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How not to fall victim of yahoo boys


Cyber crime

Mug shots of young Nigerians intercepted by security operatives over their involvement in Internet fraud and other cyber crimes are becoming commonplace on the pages of newspapers, as well as on online platforms.

Tunji Akinrele, a computer engineer and web designer, acknowledgers that the emergence of innovative software has provided a platform for many criminally-minded youths to use same in committing Internet fraud. Akinrele said cyber criminals are very conversant with configuring computer programme that triggers fake payment alerts to sellers of goods that they intend to scam. He added that they equally have good knowledge of cyber environment, a development that facilitates that creation of fake credit cards using Cyber Ghost 12.

These cyber criminals resort to the creation of phoney credit cards using Cyber Ghost 12 HTTP/ on the Internet at no cost. And once the credit card matures, they would use it to monitor and hack into any account, including Swiss account.” Upon the creation of these cards, the holders are now better placed to manipulate any transaction done by any of their targeted victims. Ultimately, they end up wiring the funds to their phoney credit cards.”


He added that some of the money that these elements fleece their victims are also invested in the acquisition of software to protect their criminal activities against being spotted easily. “In fact, some of the software that they acquire such as Dare Devil could be used to shut down CCTV cameras and facilitate their access into computer systems that are Internet-linked.

In corroborating Akinrele claims, Kingsley Roberts of Netelcom Technologies revealed that cyber criminals/hackers have done immense damage to unsuspecting members of the public, who are careless in handling sensitive personal information.Roberts added that many inadvertently expose themselves to danger when they resort to the use of easy-to-remember passwords, put vital information on the Internet, or use one password to log into all their computer systems. He stressed that using one password to log into all system/devices, easily exposes the user to attack.

The Netelcom Technologies boss alleged that the situation is so bad now as some hackers are even in possession of software that could authorise Google search engine, and some social media platforms to divulge passwords and phone numbers in their depository.He added that from this process, the hackers monitor would chose passwords at random and begin to try them on the systems. Roberts also advised computer users to stay away from strange email messages, as such could be baits to test any of the chosen passwords.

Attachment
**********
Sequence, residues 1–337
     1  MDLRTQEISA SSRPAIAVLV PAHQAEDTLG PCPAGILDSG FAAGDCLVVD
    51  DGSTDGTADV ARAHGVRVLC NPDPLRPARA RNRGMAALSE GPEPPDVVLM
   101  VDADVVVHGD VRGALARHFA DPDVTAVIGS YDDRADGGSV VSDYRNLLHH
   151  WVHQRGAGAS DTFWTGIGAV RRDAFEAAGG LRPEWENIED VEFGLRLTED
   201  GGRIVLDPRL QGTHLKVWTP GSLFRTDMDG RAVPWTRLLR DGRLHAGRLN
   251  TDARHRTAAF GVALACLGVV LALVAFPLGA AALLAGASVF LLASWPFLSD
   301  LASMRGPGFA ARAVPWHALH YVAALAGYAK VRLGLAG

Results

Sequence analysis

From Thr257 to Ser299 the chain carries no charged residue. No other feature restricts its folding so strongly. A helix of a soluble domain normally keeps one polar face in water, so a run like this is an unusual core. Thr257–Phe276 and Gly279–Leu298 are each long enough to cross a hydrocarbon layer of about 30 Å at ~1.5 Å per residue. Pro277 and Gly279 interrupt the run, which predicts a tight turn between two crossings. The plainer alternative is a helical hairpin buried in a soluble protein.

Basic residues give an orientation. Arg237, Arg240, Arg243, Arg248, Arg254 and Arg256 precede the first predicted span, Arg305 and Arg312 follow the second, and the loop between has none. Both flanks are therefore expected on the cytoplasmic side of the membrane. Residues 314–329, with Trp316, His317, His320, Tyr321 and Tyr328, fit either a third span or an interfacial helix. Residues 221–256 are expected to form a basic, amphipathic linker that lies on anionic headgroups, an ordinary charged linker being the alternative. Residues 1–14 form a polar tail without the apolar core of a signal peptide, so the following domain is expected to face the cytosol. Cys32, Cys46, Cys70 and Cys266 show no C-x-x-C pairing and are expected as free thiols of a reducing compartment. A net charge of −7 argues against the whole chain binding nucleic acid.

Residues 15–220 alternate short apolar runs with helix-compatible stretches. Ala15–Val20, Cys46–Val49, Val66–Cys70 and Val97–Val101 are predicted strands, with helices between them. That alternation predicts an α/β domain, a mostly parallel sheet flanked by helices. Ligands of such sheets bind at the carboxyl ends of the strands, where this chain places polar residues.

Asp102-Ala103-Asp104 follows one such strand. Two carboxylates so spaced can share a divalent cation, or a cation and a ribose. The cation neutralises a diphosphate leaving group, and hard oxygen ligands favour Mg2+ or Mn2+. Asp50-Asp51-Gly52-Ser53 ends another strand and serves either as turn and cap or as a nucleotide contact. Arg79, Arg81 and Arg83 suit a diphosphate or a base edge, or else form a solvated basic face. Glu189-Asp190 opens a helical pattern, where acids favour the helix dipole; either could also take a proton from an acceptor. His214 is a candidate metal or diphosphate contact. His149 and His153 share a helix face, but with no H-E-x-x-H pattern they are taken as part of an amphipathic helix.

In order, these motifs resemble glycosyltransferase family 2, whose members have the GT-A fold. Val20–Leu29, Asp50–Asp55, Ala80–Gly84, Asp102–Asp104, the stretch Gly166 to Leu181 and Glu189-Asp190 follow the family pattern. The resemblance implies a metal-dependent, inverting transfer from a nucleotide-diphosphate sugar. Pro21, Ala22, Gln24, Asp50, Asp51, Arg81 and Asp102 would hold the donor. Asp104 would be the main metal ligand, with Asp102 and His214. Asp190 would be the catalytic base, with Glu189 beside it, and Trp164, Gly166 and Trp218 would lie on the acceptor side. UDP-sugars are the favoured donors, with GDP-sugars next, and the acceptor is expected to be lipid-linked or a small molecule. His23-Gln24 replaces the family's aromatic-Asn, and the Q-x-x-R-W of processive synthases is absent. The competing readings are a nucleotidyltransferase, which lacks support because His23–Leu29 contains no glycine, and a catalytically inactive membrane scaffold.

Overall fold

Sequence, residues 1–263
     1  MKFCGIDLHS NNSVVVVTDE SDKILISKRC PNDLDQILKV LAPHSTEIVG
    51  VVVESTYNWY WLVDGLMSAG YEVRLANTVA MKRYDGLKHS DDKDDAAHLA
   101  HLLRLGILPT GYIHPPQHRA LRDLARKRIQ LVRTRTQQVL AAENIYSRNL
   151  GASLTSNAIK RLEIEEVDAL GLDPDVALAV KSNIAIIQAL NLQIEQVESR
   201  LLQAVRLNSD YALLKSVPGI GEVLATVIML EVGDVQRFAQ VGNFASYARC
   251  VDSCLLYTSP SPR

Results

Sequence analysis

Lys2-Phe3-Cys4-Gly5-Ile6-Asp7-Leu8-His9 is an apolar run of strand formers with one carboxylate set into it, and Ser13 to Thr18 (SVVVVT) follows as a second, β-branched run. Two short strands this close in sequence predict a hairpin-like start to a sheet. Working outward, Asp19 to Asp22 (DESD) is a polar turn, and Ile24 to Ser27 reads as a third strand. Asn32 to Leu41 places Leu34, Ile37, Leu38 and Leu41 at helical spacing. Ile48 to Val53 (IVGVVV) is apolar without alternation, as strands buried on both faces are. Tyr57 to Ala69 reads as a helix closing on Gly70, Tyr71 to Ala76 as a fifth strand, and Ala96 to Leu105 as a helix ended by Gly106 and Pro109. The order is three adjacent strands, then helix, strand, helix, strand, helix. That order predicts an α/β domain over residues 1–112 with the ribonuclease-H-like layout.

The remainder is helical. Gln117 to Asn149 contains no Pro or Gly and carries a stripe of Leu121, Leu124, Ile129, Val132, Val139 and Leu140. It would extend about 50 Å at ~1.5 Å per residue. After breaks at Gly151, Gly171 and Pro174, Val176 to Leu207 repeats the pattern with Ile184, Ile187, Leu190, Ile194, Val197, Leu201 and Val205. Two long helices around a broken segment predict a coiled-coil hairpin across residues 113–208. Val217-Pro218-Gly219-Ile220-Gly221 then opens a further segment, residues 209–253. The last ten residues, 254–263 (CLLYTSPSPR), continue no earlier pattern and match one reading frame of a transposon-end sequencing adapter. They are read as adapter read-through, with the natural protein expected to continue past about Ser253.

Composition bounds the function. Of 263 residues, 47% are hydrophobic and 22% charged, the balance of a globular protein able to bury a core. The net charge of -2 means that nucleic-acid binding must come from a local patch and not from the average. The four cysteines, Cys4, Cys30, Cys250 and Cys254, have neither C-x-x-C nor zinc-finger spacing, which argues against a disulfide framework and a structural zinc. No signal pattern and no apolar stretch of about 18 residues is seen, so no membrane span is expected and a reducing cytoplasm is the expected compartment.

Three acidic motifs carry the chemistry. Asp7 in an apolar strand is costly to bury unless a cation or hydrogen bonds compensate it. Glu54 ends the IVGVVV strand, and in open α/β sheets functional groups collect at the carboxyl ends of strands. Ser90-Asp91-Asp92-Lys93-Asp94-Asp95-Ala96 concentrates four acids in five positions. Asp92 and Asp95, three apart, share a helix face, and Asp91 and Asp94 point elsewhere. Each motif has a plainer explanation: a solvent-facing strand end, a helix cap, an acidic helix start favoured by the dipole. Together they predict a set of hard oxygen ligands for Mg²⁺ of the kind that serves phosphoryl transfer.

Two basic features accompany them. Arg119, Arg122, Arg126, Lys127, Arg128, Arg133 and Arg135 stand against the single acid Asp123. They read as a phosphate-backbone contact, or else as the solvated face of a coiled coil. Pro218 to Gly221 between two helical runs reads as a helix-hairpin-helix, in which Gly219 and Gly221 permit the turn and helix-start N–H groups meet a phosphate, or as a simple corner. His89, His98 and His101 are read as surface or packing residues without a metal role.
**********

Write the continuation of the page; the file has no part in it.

According to him, “inputting any information, or doing any transaction on the Internet is like trading in the air and those that have grasp of the workings of the system could manipulate such transactions in their favour.“Huge sums of money are daily lost to these cyber thieves because we lack the technical know-how to secure our Internet and computer systems. So, stop hackers from breaking into your Internet or computer systems, avoid the use of one password for access into enter multiple systems; change your password at least once every three months, and use long and complex passwords that include both upper and lowercases, as well as, figures. This is because the more complex your passwords are, the more difficult it becomes for hackers to have their way.

“The idea of having complex passwords is simply because it puts most Internet fraudsters off, and most times some computer sets also find them difficult to accept. So, before these criminals are able to monitor one long enough to the point of attempting to hack in, the owner would have changed the password. This is one of the only ways to make things difficult for them,” he said.

He equally called on financial houses to upgrade their e-transaction platforms in order to stem loses accruing from this avenue. “Our banks are still conservative and porous, they are not secure because the Windows system that most of them still use is obsolete, and hackers can easily hack into their accounts online. Aside this, they do not have trained personnel to man this sensitive departments, which is the major reason we hear depositors’ account being hacked.

“If the banks and other agencies involved in money transfer and sundry online payments upgrade their systems from time-to-time, get professional hackers to monitor intrusion and train their staff on the need to keep their computer systems safe by not visiting unauthorised sites, or accepting mails from them, cyber fraud will drop drastically,” he said.


On how to keep safe from Internet fraudsers, Bartholomew Ejere, a web designer and software dealer advised Internet users to treasure and secure their passwords the way they secure their Bank Verification Number (BVN) and desist from doing most transactions online. He further advised individuals that move, or transact large sums of money to have a relationship with their account manager, as this would enable them get early transaction notice about their money before they are even notified through transaction alert.

And for big organisations that can afford the cost, he said the installation of firewalls on their computer sets remains a good idea, adding that these software act like security officers and could notify the owner of system of intruders and as well shut them out.

In view of the rising trend of Internet fraud, Wahab Olumide, an automobile dealer is cautioning the business class against parting with their wares without full confirmation from their banks that cash has hit their accounts. Olumide, who has been a victim of Yahoo Boys said ever since he adopted the approach himself, he has not had a reason to lament.
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